Basics of book design

The design of your book's cover and text is critical to its perception by readers as a quality book. Such design, if done correctly, will require a significant investment, but it is a one-time cost that will pay off handsomely in terms of sales and your reputation as an author/publisher.

First of all, if you are really serious about self-publishing a quality commercial book do not try to do the design yourself, especially not with MS Word or another word-processing program. Veteran book designer Michele DeFilippo explains why in the article "There's More to Book Layout Than Meets the Untrained Eye". This article by designer Dave Brickeralso illustrates the complexities of book design.

You can find good basic discussions of the design process in Pete Masterson's book Book Design and Production: A Guide for Authors and Publishers and Dan Poynter's Self-Publishing Manual. Also see the articles Choosing a book designer and Working with your designer by DeFilippo, as well as Get the Best from Your Graphic Designer by Keren Taylor.

Some basic guidelines for hiring a designer:

  • Use an experienced professional book designer; not a friend or relative who say they're artists and can design books. Few designers have specific experience in the complex process of book design.
  • Ask people whose books you like for the name of their designer and whether they would recommend the designer. Remember, as a self-publisher you have access to the same designers as do commercial publishers.
  • Search bookstores for cover and interior designs that you like. Buy the book and copy the covers and interior pages to show your prospective designer.
  • In particular, check out other books on your topic. There is usually a "family" look to such books. Consider whether you want your book to go along with that look or distinguish itself in terms of design.
  • Explore prospective designers' Web sites for examples of covers and interiors. See whether designs they have done resonate with what you want your book to look like.
  • Ask prospective designers what software they use. The answer should be Adobe InDesign or Quark Xpress. For more detailed information on design software, see Why use a page layout program by Pete Masterson.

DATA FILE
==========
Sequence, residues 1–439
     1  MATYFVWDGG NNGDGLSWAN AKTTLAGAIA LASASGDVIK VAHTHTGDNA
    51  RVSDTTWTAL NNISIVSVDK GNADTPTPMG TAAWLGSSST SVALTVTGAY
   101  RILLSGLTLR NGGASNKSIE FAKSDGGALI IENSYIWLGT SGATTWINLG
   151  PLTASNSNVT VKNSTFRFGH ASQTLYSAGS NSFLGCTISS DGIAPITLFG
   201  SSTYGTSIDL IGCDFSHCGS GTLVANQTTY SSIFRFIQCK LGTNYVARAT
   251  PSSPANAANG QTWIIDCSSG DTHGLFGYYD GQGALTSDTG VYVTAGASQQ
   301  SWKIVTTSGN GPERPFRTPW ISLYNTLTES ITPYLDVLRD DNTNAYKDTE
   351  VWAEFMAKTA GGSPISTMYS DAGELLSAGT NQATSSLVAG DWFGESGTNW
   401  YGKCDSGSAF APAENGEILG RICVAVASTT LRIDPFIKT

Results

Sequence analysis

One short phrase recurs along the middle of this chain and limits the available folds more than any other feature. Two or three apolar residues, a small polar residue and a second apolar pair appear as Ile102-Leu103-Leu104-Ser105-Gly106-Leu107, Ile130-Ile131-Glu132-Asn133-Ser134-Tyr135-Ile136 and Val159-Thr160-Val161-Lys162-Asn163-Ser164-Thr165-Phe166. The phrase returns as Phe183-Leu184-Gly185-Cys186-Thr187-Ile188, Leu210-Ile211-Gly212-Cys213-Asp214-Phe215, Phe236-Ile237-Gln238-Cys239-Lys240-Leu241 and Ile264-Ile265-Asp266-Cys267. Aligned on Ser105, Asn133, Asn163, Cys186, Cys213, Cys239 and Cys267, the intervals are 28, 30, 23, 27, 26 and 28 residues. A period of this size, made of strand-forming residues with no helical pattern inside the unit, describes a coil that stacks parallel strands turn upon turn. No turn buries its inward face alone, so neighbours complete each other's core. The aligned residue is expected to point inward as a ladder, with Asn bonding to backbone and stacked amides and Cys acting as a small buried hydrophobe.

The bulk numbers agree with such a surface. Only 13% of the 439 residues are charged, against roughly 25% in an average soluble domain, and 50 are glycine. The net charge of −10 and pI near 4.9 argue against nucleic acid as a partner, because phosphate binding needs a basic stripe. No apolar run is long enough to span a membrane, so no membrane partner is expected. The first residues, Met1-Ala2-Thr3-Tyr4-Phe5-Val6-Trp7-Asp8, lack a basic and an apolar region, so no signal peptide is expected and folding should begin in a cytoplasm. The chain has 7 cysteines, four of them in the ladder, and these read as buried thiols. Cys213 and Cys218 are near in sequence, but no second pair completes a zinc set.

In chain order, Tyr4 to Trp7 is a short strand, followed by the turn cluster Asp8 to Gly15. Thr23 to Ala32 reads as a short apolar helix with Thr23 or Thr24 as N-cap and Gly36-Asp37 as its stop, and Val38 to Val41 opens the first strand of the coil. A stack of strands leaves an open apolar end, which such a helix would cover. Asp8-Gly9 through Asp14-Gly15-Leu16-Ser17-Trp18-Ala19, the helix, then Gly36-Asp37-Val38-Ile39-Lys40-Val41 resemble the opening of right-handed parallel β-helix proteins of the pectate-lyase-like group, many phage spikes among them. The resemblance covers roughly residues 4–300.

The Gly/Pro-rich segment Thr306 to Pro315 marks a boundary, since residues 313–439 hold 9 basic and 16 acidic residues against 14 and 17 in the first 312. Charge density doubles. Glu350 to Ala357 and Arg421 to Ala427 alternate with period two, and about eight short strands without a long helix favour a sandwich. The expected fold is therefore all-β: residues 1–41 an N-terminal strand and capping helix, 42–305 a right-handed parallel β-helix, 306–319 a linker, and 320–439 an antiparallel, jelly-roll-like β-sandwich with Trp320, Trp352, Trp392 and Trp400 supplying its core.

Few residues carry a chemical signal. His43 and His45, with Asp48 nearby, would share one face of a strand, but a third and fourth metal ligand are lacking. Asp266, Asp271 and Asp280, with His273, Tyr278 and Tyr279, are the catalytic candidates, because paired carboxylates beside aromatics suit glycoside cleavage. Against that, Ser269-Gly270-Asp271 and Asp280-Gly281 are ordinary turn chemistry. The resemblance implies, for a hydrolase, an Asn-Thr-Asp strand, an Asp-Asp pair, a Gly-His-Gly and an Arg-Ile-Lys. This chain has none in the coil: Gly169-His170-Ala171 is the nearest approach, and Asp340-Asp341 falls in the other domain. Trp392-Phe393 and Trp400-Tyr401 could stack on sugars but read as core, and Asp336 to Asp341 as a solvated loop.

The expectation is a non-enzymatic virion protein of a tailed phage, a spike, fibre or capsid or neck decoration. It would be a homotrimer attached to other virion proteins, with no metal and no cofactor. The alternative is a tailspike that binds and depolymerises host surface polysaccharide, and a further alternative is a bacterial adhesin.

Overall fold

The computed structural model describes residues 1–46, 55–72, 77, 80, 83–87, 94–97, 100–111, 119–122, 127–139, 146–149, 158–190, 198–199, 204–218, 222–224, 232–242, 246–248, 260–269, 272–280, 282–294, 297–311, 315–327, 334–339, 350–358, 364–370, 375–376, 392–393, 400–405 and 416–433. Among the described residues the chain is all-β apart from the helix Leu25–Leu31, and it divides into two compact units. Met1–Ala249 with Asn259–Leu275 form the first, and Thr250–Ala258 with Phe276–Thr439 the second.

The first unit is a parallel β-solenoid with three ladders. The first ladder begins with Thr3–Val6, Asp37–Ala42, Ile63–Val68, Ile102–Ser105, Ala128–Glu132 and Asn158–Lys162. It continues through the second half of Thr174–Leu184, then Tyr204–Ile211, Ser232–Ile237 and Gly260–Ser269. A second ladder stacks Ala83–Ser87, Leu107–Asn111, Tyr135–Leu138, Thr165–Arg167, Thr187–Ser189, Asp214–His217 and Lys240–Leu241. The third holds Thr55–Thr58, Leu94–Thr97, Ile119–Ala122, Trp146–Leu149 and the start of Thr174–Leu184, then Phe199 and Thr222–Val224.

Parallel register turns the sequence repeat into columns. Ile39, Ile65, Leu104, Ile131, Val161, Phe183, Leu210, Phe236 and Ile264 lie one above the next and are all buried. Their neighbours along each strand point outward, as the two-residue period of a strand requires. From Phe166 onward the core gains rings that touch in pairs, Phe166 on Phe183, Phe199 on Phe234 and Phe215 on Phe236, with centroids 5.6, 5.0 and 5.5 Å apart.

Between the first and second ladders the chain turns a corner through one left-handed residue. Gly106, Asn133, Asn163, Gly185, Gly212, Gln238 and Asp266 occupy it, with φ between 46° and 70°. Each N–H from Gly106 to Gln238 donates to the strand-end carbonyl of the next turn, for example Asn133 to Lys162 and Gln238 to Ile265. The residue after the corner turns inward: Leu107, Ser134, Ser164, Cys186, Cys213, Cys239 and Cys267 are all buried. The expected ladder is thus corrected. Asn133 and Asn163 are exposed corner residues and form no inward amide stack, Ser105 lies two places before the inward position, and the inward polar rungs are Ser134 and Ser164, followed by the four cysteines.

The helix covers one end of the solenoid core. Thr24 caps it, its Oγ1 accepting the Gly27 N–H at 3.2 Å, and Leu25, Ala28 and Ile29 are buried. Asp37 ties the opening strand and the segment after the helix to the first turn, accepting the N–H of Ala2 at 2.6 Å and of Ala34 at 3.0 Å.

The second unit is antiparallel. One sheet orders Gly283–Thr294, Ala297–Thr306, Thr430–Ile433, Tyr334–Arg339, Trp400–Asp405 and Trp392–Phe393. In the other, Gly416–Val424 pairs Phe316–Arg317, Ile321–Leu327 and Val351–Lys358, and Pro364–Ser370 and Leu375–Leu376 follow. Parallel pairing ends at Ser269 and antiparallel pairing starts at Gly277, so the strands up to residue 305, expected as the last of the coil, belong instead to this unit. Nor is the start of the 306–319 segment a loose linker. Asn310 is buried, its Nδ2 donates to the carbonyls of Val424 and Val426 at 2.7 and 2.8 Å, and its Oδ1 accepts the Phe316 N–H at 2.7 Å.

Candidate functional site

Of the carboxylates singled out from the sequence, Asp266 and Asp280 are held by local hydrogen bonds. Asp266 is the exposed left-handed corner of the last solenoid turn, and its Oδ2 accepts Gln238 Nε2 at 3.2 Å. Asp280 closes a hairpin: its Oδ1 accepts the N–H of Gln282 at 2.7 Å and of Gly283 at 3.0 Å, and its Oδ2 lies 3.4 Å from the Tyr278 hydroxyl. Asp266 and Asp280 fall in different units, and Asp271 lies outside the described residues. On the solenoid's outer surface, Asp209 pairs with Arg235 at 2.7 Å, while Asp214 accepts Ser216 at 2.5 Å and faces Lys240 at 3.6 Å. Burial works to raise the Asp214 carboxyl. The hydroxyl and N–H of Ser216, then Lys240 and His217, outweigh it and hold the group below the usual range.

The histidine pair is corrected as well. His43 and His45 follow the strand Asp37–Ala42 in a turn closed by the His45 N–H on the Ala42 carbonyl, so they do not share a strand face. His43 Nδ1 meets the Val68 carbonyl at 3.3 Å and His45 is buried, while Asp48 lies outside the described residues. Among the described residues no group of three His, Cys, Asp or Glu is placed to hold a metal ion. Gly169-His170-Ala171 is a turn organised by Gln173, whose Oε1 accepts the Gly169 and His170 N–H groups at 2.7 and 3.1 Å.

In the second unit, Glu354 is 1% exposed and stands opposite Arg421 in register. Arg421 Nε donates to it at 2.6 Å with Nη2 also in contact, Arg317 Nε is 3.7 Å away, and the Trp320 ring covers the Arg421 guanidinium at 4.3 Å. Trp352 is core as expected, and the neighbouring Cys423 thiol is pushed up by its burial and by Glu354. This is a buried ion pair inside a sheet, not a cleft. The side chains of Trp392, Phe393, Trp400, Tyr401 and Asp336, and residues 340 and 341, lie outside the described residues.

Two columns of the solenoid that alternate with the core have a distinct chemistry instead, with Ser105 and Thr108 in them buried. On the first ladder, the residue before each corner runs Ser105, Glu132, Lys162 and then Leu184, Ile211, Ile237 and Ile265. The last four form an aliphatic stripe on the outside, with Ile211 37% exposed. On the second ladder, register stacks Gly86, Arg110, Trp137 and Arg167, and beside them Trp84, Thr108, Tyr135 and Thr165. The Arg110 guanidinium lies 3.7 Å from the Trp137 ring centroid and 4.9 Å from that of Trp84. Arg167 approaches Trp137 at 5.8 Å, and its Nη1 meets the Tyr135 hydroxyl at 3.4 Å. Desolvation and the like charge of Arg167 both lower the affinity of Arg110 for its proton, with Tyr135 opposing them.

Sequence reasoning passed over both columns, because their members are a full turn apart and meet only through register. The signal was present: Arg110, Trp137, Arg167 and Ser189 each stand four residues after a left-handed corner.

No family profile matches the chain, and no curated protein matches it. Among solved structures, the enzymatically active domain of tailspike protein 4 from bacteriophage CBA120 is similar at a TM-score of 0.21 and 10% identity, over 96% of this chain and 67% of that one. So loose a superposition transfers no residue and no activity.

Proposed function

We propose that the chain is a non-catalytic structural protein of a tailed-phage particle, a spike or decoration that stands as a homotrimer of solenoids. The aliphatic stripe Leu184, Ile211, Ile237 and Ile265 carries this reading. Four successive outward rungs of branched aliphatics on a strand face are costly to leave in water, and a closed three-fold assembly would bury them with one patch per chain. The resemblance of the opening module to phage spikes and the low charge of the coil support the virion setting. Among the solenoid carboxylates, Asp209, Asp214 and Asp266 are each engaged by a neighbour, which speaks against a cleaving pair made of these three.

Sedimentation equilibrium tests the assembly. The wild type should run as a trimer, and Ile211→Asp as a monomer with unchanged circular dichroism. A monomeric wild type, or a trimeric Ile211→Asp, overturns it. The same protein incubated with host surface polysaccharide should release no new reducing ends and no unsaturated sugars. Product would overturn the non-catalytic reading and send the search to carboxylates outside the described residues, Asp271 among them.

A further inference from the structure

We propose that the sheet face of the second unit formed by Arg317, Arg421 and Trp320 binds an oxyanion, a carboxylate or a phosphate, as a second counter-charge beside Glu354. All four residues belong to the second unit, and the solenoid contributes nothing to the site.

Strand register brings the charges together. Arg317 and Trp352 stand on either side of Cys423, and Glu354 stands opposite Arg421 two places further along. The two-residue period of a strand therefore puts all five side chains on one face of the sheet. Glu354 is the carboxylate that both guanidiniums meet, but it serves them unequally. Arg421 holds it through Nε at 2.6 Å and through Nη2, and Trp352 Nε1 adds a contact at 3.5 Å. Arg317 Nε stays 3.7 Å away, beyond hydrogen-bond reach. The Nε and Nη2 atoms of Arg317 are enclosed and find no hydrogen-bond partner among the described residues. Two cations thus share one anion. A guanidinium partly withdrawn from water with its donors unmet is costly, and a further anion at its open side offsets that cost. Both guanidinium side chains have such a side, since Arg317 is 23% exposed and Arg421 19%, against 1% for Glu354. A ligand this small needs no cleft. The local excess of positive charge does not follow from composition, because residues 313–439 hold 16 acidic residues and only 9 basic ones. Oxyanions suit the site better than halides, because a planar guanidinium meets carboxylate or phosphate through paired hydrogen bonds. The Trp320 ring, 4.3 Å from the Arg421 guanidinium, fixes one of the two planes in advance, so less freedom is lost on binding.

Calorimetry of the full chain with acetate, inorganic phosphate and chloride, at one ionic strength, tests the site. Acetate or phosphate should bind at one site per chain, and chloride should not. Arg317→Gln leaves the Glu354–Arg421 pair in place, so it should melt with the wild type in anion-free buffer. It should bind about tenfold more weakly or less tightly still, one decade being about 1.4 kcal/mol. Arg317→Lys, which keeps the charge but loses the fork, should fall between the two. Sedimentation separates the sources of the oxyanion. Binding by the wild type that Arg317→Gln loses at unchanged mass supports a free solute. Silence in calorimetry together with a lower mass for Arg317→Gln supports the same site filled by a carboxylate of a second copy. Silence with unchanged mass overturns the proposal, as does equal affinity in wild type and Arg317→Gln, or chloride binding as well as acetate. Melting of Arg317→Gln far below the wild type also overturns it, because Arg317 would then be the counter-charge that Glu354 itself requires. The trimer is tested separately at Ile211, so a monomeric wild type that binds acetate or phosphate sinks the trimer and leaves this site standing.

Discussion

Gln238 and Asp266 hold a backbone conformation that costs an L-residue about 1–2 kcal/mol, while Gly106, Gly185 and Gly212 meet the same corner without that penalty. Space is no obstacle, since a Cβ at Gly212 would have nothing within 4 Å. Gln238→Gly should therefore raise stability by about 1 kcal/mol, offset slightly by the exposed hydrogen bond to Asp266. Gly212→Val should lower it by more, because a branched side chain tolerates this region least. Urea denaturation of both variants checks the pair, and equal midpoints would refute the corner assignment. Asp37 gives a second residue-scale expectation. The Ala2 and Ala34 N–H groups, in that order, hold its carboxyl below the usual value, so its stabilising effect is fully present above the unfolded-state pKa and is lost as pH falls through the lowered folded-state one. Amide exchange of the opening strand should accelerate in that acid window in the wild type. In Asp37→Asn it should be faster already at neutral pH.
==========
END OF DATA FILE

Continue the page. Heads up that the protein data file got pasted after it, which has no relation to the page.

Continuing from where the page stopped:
• Make sure the designer is comfortable working with your word-processing file format.
  • Ask how many sets of proofs you will get. You should get two full proof sets.
  • Finally, for those designers whom you like, request a proposal. Tell the designer the size of your book, what it's about, who will read it, why they will read it and how you plan to market it. Provide a manuscript, even a draft, if possible.
  • Expect the cost of a quality cover to be up to $2,000, depending on how elaborate it needs to be. And the cost of interior design and layout should be a couple of hundred dollars for the basic design, plus $4.00 to $6.00 per page for a simple layout up to $20 per page for book with many illustrations and complex formatting. Make sure proofreading is included with the cost.

Once you have hired a designer, here are some tips for working effectively with him/her:

  • For the cover, show the designer samples of the covers you like and describe what you hope to accomplish with the cover. You need not commission special artwork. A designer can do an excellent job by adapting clip art or stock images. You can go with an all-text cover if your book is a handbook and/or if it will only be sold online.
  • Give your cover designer creative leeway. He/she may come up with a surprise that you like better than your ideas. Also, good cover designers know about trends in cover design, and can give you a cover that does not look outdated.
  • Help your cover sell the book by making the title short and descriptive and the subtitle promise benefits from the book.
  • For cover design, less is more. A good cover designer will give you a simple cover that offers readers instant recognition of the book.
  • The cover design also must be readable as a thumbnail on Amazon and in black and white.
  • For interior design, give your designer the most perfect manuscript possible. Proofread the manuscript both on-screen and in print. Enlist spouses and anybody else who is willing to proofread it. Changes and corrections cost money, time and frustration. For steps to clean up your manuscript, see Pete Masterson's book and his article Common typographical errors.
  • Use minimal formatting, with no forced page breaks, section breaks or extra returns. Single space between sentences. Go ahead and use bold, italics and different type size for headings and chapter titles.
  • Specify standard 5.5" x 8.5" format unless your book is large. Then you might want to go to 6" x 9".
  • Once your designer develops a design, he/she will give you a sample chapter. Take your time in considering this design, so you can make it exactly what you want before proceeding. Compare it with the other designs you like, and determine whether there are shortcomings you want to correct. Try it out on people who have read many books in the field. Finalizing the design is critical, because it is very difficult to go back and change a design once layout has begun.
  • Proofread assiduously every step of the way. Make all changes in the layout in one pass, rather than in multiple, nitpicking sessions. Allow several extra weeks in your production schedule for such edits.
  • Expect the full design process to take two to three months, depending on the complexity of the project.

Here are lists of designers and design consultants from the leading experts:

Oct. 17, 2008

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